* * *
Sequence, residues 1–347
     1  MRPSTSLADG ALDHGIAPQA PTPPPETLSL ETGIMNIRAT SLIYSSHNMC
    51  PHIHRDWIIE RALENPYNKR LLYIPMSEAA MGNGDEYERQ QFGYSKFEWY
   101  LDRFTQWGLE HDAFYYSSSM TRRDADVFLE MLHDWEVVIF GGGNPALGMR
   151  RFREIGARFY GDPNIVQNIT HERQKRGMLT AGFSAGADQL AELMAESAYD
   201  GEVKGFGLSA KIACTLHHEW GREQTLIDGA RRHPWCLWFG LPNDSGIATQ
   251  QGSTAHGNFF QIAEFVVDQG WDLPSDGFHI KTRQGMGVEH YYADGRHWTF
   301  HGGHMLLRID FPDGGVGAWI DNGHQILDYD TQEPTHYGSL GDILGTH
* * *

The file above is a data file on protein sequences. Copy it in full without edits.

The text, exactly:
Sequence, residues 1–347
     1  MRPSTSLADG ALDHGIAPQA PTPPPETLSL ETGIMNIRAT SLIYSSHNMC
    51  PHIHRDWIIE RALENPYNKR LLYIPMSEAA MGNGDEYERQ QFGYSKFEWY
   101  LDRFTQWGLE HDAFYYSSSM TRRDADVFLE MLHDWEVVIF GGGNPALGMR
   151  RFREIGARFY GDPNIVQNIT HERQKRGMLT AGFSAGADQL AELMAESAYD
   201  GEVKGFGLSA KIACTLHHEW GREQTLIDGA RRHPWCLWFG LPNDSGIATQ
   251  QGSTAHGNFF QIAEFVVDQG WDLPSDGFHI KTRQGMGVEH YYADGRHWTF
   301  HGGHMLLRID FPDGGVGAWI DNGHQILDYD TQEPTHYGSL GDILGTH